What college leaders need to know about the career expectations for the class of ‘24

After entering college at the height of the pandemic, this class isn’t looking for tradeoffs when it comes to work-life balance.
Kevin Grubb
Kevin Grubbhttps://www1.villanova.edu/university/career-professional.html
Kevin Grubb is the associate vice provost of professional development and chief career officer at Villanova University.

As the class of 2024 prepares to enter the workforce, one thing is clear for this cohort, most of whom entered college at the height of the pandemic: Life is more than a career.

For these young adults, prioritizing well-being and balancing work and life isn’t just a request—it’s an expectation. Students are searching for companies that share their values and allow flexibility. And because this group’s early work experiences were impacted by the way the world navigated the pandemic, many weren’t exposed to the social interactions and in-person work norms that, prior to 2020, represented a staple of workplace engagement.

One of our responsibilities as higher education leaders is to help guide students so they can thrive in their lives and workplaces after graduation. In the past, career guidance mainly meant understanding the job market new graduates would be entering, helping them develop strong resumes and cover letters and preparing them for their first job interviews. Today, we still need to do all those tasks, but we’ve added a new layer to help students articulate what’s most important to them personally as they enter the workforce, such as their well-being. Our conversations with students also include teaching them how to be nimbler amid changes in the workplace, such as when you work, where you work and even how you dress.

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Luckily, the class of 2024 is entering a healthy job market where hybrid schedules are now largely the standard—and a preferred modality of work for students, entry-level employees and office workers overall, according to a recently published survey by the National Association of Colleges and Employers (NACE). In fact, students actually share a greater desire for in-person work than those already in the workplace, with 51% of students in the NACE survey picking in-person, compared to 42% choosing hybrid and just under 7% selecting fully remote work.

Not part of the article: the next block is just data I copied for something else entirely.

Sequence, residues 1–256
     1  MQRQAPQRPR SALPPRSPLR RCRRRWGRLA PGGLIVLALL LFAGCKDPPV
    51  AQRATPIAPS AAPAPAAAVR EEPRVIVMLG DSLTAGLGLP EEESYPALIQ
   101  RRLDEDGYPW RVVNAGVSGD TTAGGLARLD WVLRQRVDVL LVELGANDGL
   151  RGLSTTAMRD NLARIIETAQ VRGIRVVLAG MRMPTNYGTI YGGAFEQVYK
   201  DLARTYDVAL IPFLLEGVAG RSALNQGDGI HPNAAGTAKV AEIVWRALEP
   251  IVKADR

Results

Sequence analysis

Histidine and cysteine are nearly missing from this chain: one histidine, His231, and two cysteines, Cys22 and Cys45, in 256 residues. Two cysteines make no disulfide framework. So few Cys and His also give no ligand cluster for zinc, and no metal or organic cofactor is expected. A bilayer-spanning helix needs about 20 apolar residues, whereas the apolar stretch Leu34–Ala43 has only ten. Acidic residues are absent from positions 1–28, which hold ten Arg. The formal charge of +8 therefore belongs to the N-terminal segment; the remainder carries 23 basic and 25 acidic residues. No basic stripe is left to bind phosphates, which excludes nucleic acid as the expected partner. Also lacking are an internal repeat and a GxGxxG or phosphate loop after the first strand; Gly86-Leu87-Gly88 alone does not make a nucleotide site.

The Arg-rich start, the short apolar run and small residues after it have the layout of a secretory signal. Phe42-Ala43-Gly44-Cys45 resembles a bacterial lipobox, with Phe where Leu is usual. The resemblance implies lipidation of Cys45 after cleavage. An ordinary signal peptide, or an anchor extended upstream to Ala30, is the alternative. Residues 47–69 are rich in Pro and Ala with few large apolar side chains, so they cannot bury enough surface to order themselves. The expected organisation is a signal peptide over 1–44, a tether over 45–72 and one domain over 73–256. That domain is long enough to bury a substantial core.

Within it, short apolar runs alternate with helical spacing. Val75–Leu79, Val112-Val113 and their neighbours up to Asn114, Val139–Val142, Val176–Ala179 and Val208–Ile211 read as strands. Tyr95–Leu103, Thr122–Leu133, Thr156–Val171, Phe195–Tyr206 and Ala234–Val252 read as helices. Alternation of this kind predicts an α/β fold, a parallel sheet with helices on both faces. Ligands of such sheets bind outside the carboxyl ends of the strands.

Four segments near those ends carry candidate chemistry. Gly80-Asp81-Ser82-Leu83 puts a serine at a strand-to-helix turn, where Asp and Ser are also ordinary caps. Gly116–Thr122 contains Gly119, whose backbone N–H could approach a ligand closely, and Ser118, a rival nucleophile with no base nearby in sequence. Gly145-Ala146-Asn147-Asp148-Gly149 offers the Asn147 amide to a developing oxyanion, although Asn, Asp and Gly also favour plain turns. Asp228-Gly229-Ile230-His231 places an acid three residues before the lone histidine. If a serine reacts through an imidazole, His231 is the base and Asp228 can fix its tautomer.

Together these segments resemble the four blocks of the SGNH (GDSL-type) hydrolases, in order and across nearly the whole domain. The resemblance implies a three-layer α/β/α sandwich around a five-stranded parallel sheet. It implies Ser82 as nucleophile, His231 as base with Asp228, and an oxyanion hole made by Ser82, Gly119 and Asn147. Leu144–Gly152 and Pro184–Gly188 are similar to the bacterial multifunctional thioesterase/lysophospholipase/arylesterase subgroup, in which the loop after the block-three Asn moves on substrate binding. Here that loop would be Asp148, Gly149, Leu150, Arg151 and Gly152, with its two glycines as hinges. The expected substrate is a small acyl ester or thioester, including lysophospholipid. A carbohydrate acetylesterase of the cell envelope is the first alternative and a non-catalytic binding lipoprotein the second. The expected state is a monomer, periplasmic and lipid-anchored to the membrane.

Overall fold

Students’ preference for in-person over remote work isn’t all that surprising. The class of 2024 is more concerned about the sense of purpose work brings to their lives and overall work-life balance—and less about their physical location. They are also more cognizant and put more care into where—and with whom—they spend their time and energy. Add in that, for many of these students, the pandemic dampened the typical college experience and it’s no wonder they’re more likely to view in-person work as exciting.

One thing that’s non-negotiable for many in the class of 2024 is flexibility, which has been at the heart of the conversations we’ve been having with students at Villanova University. While it might make sense on the surface for college career officers like me to focus on the job market and industry trends, we lose a key characteristic of this group if that’s all we focus on. The fact is these students aren’t interested in tradeoffs when it comes to career choice and well-being—they see the two as inextricably linked. When employers embrace and focus on the elements of well-being in their recruiting, students are likely to respond with greater interest.

Still, it can be hard for students to pinpoint exactly what they’re looking for, particularly when they may not have been able to pressure test what’s most important due to the pandemic’s impact on in-person internships, social interactions and career discussions. That’s where we come in—but it’s not always easy.

Overall, the new way of doing business combined with the class of 2024’s unique mindset around work adds a layer of complexity for college leaders—one that’s unlikely to change anytime soon. Add in the still-lingering stigma around openly discussing work-life balance, and it’s more important than ever that we’re bringing these vital conversations to the table.

These discussions are critical for another key reason. For many years, career services at many universities focused on the transactional—the reviewing of resumes, help locating job opportunities and the like. It shouldn’t be lost on us that the class of 2024’s focus on finding purpose is not only a transformative way to look at the workplace but also a transformative way for how career services should operate at universities nationwide. Many, like Villanova University, already do—we just need to get the word out to those for whom it matters most: our students.


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